This include the rising crimes rate, fiscal crisis, mass private property, commodification of security, post modernity and the increase in demands by citizens’ protection (Shearing and Stenning, 1983; Reiner, 1992; Les Johnston 2003; Drakeford, 1992, Wood and Shearing, 2007). These scholars attempt to bring together different theoretical frameworks to explain the transformation of policing from an economic context, where supply and demand are shaping and expanding the private security markets.
However, it is contended that, policing division of labour is also driven by political context (Walker, 2006, Lister 2010). In these views, government determines how security services should be delivered for the common good of the people. This widespread recognition of government legitimacy is deeply rooted in the commercialisation and privatisation of policing activity. Garland (1996) describes this phenomenon as responsibilization plans, which individuals and organisations outside the formal policing agencies are participating in security services. In addition, the increasing recruitment of retired police officers by private security actors are political strategies, to makes it appears as the representative of public policing for their business operations. Against these backdrops, the rise of private security becomes more important and aligned its operations with the government to provide protective services in public places. Thus, fragmentation of policing and the growth of private security industry are guided by market paradigm. Nevertheless, the relationships are becoming more complex and blurring in policing accountability and functions.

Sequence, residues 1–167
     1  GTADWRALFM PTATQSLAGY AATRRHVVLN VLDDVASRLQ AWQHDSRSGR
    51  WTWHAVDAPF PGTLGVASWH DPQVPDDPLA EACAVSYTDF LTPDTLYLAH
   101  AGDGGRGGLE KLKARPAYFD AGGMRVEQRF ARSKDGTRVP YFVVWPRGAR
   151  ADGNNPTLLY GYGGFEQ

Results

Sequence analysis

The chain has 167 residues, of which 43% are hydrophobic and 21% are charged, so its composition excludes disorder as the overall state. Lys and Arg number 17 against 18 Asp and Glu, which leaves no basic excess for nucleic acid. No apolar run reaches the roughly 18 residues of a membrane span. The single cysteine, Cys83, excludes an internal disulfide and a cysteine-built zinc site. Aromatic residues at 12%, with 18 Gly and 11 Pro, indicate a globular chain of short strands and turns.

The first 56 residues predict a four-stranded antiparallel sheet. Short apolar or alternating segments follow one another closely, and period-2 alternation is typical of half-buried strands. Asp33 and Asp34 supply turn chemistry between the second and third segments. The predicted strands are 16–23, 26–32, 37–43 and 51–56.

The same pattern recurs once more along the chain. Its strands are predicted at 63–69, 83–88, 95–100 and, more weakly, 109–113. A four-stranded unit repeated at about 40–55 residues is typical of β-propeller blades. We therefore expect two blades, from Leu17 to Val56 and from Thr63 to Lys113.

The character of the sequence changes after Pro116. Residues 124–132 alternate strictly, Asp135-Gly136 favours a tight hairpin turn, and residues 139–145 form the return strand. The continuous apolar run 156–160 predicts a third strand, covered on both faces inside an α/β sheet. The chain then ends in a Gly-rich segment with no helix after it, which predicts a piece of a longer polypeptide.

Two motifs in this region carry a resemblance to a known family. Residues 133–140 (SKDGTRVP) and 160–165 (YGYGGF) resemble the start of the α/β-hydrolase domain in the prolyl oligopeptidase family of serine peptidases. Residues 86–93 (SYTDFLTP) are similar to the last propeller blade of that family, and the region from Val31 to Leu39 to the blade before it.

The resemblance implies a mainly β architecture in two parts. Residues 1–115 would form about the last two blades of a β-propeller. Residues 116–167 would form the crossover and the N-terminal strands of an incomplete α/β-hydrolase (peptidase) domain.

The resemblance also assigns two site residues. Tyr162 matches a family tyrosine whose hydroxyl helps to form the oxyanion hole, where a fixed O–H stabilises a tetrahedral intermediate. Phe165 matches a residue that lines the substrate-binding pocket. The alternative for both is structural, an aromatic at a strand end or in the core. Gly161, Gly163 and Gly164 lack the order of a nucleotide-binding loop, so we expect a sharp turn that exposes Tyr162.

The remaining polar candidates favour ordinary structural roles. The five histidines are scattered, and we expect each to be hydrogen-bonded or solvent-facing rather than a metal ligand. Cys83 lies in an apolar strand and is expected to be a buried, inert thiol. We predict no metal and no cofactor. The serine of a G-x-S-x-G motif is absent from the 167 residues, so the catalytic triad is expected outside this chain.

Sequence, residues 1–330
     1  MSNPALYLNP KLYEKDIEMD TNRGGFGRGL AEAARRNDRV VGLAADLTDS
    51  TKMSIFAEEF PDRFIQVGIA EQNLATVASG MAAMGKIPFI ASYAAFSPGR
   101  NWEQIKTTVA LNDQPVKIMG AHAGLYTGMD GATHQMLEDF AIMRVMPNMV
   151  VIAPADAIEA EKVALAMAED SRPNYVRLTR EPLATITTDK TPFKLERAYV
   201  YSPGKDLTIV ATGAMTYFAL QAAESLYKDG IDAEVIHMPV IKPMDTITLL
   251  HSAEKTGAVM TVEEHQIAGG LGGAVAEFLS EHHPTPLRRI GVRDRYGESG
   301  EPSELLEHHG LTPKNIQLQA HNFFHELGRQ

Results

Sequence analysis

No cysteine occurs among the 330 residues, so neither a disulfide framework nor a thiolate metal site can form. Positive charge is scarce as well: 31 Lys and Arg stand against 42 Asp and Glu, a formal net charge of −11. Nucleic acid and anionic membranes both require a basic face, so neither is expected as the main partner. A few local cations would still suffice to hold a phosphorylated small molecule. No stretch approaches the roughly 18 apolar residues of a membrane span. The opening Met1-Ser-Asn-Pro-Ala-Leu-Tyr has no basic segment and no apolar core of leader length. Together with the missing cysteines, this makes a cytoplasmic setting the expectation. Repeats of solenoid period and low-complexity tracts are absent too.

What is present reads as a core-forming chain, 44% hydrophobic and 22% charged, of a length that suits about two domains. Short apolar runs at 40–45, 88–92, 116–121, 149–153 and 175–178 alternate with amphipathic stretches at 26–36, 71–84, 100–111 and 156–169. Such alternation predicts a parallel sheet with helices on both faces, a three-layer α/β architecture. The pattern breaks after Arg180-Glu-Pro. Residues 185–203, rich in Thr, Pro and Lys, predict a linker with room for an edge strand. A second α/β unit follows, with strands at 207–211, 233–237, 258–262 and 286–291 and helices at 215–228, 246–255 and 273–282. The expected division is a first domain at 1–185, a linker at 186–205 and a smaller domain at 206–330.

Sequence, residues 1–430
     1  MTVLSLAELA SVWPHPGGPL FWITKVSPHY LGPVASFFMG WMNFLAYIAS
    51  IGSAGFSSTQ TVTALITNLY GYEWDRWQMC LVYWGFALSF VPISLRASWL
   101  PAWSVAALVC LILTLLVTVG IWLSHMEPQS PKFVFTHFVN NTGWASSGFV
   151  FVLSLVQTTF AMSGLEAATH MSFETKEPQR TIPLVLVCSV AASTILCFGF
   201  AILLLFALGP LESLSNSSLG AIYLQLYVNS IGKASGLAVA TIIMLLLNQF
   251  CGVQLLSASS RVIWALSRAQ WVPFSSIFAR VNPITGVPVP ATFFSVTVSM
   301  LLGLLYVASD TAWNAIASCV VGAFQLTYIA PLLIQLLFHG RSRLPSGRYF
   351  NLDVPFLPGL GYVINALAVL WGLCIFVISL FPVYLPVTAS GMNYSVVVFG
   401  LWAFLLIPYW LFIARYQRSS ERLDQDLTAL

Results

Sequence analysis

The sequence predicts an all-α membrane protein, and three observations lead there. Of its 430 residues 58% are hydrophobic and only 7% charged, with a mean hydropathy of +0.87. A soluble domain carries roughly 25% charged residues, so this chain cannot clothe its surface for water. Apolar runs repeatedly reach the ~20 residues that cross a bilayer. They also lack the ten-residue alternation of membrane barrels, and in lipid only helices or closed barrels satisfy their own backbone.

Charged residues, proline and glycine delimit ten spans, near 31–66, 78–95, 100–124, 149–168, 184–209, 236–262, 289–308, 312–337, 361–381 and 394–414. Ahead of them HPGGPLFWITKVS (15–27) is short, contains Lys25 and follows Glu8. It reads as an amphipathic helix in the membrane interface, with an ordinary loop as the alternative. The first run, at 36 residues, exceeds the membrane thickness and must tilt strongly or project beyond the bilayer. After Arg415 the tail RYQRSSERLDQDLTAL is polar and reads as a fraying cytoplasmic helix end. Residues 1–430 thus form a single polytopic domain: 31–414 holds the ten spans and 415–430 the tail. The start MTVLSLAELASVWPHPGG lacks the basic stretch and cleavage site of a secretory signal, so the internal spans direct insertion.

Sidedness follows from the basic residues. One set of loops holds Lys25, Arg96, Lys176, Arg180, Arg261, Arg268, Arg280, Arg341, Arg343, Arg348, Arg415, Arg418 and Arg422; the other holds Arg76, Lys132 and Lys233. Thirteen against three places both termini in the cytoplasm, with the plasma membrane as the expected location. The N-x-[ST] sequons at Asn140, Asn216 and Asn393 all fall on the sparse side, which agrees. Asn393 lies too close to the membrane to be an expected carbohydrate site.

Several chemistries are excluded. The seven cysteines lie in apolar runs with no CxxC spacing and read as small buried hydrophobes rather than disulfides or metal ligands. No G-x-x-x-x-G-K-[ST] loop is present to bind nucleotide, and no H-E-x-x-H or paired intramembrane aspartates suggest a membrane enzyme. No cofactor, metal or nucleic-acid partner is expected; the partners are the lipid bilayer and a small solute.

This essay examines what is policing, its concept in the eyes of Britain, what is meant by fragmentation of policing. In doing so, it explores the impacts of public policing and the rise of private security industry in economic and political contexts. It then seeks to test the